For Shipley’s Sam Sessoms ’18, patience is a virtue, working hard is the only option, and confidence is second nature.
Scoring 2,091 points for the Gators over four years, Sessoms was a three-time team MVP, two-time All-State selection, and nominee for the McDonald’s All American Game. Talent aside, his tough-as-nails attitude, confidence on the court, and natural ability to lead was the perfect recipe for any college basketball program. A Changemaker in his own right.
But in the summer of 2017, as Division I offers came pouring in for his courtside peers, Sessoms was in communication with several college programs, but no offers came to the table. Rather than letting it get to him, Sessoms stayed confident in his game, kept working hard, and most importantly, exercised patience. When Division I Binghamton University knocked on the door, Sessoms accepted and was on his way to becoming a Bearcat.
Well into his freshman season at Binghamton, Sessoms is putting up big numbers. He’s earned five America East Rookie of the Week honors, set school records for three-point scoring, and ranks seventh in the country for freshman scoring and 38th for made field goals.
We sat down with Sam to learn more about his college basketball career, and the role Shipley has played in shaping him into the athlete and student he is today.
Shipley: Has playing college basketball always been a dream of yours? How did your time at Shipley help nurture this dream?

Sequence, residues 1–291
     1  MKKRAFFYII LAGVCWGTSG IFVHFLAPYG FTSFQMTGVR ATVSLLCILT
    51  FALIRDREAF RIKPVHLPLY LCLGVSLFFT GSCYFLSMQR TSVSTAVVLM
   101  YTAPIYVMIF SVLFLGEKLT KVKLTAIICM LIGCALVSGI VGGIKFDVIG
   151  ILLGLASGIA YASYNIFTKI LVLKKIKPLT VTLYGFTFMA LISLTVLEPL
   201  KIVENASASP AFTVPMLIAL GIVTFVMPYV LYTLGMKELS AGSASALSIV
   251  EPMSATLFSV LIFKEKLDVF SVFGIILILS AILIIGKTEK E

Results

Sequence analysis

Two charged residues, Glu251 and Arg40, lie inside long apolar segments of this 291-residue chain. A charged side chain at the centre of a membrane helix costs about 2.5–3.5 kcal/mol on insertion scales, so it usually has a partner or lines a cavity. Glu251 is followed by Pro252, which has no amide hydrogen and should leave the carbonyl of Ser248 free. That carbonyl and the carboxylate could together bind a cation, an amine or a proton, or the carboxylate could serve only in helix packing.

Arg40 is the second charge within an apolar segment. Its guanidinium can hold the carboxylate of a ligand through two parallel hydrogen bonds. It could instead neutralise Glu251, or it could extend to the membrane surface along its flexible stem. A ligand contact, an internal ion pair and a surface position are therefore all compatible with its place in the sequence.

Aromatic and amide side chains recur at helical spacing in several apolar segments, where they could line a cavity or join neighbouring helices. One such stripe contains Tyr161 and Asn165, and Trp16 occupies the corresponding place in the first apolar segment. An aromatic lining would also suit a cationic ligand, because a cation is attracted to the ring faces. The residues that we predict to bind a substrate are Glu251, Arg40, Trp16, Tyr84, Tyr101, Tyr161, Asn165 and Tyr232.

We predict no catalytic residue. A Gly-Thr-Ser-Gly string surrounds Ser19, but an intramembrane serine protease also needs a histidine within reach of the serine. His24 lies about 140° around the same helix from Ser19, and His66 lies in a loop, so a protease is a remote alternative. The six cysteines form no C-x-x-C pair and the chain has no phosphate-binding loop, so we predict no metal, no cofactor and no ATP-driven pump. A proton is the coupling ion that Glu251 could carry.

SS: Since I was a little kid, playing basketball was always a dream of mine. My time at Shipley helped me to achieve this dream in more ways than one. The team I was a part of at Shipley and the coaches helped to put me in positions to succeed and pushed me every day to be the best player and teammate I could be. My time as a Shipley student has definitely made a large impact on my life.
Shipley: How has your time at Shipley impacted you personally and/or professionally?
SS: Shipley helped me to mature a lot faster than most high school students. Even as a freshman, I was put in positions to lead my peers and take charge. Every day I was learning and developing new ways to perfect my craft or lead a different group of people. This ultimately made me a better person because I was able to connect with so many people from different walks of life with my leadership skills.
Shipley: What do you aspire to do after college?
SS: After college, I hope to continue my basketball career and play at the professional level. It would be my hope to have a long and successful career, which then leads me into a coaching position at a college or professional level after I retire from playing.
Shipley: What has been the biggest challenge you faced and how did you overcome it?
SS: The biggest challenged I have faced so far was the transition from leading a group of 14-18-year-olds, to leading grown men in their twenties. The transition from high school to college basketball is tough, especially when you assume a leadership role, as a freshman. I am still trying to overcome this challenge day by day and am doing so by communicating more than needed and asking questions.
Shipley: What advice do you have for students who hope to follow in your footsteps?
SS: Every kid is different, everyone’s path is different, so just be yourself and work hard. The hard work will pay off and it will show in the results. Even if you fail a few times, keep trying. Never give up.